Wednesday, August 22, 2012

Lazy Person's Guide to Composting

You can compost! Even if you live in a tiny apartment. Even if you're not ready to share your tiny apartment with a few hundred worms or a few thousand fruit flies. Even if you don't have a few spare hundred dollars bills to plunk down on an electric composting machine. Even if you have a million other things to do. Even if you're just plain lazy. You can compost by participating in community composting efforts.

Here's how:
Image from Ditmas Park Blog.
Find a community composting project in your neighborhood. Ask Google. If you don't find anything, don't be deterred. A lot of community stuff like this isn't on the web yet. Ask at the info booth at your local farmers market, drop in at a community garden, call the local food coop, and ask customer service reps your Whole Foods or natural foods store. Crunchy people are always in the loop with composting.

Instead of tossing vegetable scraps, bread, grains, wilted flowers, coffee grounds, hair, pet fur, nail clippings, and a lot of other compostable things in the trash, save them. Store them in a paper or plastic bag, a coffee bag, a compostable bio bag (including the green bags that Whole Foods offers for produce), an empty juice or milk carton, or a plastic salad greens container. Tuck the bag or carton of compostables in your freezer where it won't decompose, get funky, and attract fruit flies.

Tip: Keep bread or old produce bags organized by storing them in a toilet paper tube near your food scraps.

If you want to hold your compost in something more sturdy, use a milk carton.
Next time you're headed out to your community compost collection site, carry your frozen compostables with you. It's a good idea to double bag them if there is a chance you'll be out long enough for things to thaw. Definitely double bag or put it in something waterproof if you are using a paper bag.

When you get to the compost collection site, follow the rules. If you don't know the rules, ask the person managing the booth. Some places require that everything be frozen. Some places let you dump the whole compostable bio bag or paper bag into a bin. Some require that you empty the contents of the bag in to a bin. Some gardens ask you to put your scraps into the actual composting bin and cover it with newspaper scraps. Do whatever they say will help them the most.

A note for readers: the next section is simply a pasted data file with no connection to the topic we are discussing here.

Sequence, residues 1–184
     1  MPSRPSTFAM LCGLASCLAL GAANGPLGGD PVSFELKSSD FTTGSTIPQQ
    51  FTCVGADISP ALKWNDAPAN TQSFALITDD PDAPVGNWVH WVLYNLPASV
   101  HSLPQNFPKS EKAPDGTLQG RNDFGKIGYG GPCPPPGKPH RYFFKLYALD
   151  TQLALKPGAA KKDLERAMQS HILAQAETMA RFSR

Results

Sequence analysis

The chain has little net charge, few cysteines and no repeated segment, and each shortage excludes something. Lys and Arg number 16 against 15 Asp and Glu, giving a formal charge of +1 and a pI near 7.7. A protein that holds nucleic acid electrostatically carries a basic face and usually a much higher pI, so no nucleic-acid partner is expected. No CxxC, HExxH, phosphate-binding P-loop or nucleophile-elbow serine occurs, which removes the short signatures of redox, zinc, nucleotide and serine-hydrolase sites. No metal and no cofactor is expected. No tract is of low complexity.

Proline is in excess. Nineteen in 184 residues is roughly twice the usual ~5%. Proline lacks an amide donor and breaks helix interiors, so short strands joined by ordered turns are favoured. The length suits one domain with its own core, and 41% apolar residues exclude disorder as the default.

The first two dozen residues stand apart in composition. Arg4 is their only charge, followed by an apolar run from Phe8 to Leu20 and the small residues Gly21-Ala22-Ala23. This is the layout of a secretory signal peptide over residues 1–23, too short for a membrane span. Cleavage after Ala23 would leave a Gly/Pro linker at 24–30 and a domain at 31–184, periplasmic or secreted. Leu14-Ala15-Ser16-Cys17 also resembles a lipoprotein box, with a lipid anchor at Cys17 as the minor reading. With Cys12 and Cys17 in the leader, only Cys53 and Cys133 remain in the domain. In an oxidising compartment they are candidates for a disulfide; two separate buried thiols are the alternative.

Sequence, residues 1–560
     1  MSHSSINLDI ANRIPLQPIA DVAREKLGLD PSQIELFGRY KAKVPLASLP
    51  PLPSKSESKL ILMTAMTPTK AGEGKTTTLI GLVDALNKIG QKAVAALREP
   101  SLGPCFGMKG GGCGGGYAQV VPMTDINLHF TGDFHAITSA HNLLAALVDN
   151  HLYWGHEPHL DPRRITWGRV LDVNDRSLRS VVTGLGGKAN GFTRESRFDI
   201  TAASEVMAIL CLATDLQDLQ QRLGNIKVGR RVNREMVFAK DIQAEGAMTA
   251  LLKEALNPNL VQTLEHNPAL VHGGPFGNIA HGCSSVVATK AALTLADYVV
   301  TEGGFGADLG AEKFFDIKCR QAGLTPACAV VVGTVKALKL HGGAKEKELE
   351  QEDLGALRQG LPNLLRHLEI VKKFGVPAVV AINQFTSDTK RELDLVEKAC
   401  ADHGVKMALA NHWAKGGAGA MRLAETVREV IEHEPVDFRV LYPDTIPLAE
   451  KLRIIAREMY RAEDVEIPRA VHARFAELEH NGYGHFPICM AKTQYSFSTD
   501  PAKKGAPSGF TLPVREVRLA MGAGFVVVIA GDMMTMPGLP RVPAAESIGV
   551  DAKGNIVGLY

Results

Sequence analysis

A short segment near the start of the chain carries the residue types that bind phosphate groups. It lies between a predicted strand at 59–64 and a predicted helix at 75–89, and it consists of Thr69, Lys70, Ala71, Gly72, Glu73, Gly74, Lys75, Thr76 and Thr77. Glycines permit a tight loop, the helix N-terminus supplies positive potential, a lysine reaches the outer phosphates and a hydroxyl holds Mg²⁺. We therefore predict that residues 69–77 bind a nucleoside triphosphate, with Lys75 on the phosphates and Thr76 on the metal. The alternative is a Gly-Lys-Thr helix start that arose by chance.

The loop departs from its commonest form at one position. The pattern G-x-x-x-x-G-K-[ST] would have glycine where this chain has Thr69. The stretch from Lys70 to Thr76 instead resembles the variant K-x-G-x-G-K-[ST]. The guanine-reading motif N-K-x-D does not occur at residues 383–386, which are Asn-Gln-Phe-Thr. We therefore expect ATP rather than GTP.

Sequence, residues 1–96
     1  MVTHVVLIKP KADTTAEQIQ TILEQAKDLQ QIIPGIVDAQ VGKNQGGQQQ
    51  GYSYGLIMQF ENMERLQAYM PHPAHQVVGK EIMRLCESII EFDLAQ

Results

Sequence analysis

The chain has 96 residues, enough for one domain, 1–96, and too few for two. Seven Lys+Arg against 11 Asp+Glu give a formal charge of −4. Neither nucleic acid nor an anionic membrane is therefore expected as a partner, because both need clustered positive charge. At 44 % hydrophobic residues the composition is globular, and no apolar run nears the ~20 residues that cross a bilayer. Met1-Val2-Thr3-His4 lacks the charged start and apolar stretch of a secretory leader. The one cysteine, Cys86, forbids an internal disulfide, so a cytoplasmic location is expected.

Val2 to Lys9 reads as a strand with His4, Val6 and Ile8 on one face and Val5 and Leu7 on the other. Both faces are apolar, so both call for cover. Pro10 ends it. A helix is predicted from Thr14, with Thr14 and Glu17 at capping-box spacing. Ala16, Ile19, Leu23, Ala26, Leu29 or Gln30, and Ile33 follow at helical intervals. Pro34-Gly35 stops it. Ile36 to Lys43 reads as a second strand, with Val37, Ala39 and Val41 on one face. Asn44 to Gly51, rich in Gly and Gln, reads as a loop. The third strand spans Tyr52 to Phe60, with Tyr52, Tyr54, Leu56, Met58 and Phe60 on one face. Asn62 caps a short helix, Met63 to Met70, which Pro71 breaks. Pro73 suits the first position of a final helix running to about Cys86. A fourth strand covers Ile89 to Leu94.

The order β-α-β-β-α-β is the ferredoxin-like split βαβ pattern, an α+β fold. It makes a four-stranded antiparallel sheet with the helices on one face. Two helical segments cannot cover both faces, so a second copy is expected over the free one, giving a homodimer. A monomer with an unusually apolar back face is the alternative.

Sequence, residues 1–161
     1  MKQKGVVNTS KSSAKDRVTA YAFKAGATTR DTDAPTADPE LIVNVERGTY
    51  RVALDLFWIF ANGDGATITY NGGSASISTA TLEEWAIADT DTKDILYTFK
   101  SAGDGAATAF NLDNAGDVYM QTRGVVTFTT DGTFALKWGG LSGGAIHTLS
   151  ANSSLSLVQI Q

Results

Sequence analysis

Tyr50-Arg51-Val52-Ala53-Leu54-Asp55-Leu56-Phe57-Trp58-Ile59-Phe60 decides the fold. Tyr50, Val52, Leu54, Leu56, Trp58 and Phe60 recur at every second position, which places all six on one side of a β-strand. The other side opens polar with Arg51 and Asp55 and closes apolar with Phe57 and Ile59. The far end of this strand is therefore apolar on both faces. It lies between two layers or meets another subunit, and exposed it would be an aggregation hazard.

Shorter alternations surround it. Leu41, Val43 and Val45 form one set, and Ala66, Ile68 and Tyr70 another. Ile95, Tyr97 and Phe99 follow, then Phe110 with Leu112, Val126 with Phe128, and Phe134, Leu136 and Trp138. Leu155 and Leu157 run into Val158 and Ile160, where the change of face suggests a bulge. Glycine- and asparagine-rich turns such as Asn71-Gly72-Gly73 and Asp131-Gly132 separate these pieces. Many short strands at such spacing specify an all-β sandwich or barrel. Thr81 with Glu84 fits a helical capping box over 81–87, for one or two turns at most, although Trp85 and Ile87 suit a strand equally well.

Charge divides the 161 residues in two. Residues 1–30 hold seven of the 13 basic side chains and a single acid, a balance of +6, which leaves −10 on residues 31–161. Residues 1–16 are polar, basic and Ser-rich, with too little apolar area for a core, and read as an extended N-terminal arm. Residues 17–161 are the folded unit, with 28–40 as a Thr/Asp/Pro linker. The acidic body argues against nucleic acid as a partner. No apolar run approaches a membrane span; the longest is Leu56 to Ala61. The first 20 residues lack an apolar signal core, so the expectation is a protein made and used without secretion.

LES Ecology Center collection booth at Union Square Greenmarket. Image from The Power Brokers.
If you are in NYC, Grow-NYC collects food scraps for composting at farmers markets in four of the five boroughs. (More info on their composting program.) Some farmers have their own indie collections going too! We used to leave our scraps with a farmer at the Grand Army Plaza Farmers Market on Saturday mornings.

Now that we live in Providence, RI we drop off our food scraps at the collection site near our farm share pick up stand at Thursday Armory Farmers Market.

Check out this list of 75 Things You Can Compost, but Thought You Couldn't. According to the article, you can compost latex condoms, ripped up pizza and cereal boxes, and pencil shavings. Of course, it's always best to consult with the collection site before you put anything too weird in the collection bin. Some composting systems are more delicate than others.

Olivia Lane is a Blogger, Green Living Educator, and Health Coach trained at The Institute for Integrative Nutrition. She's also author of Baking Soda & Bliss: The Healthy & Happy Guide to Green Cleaning 

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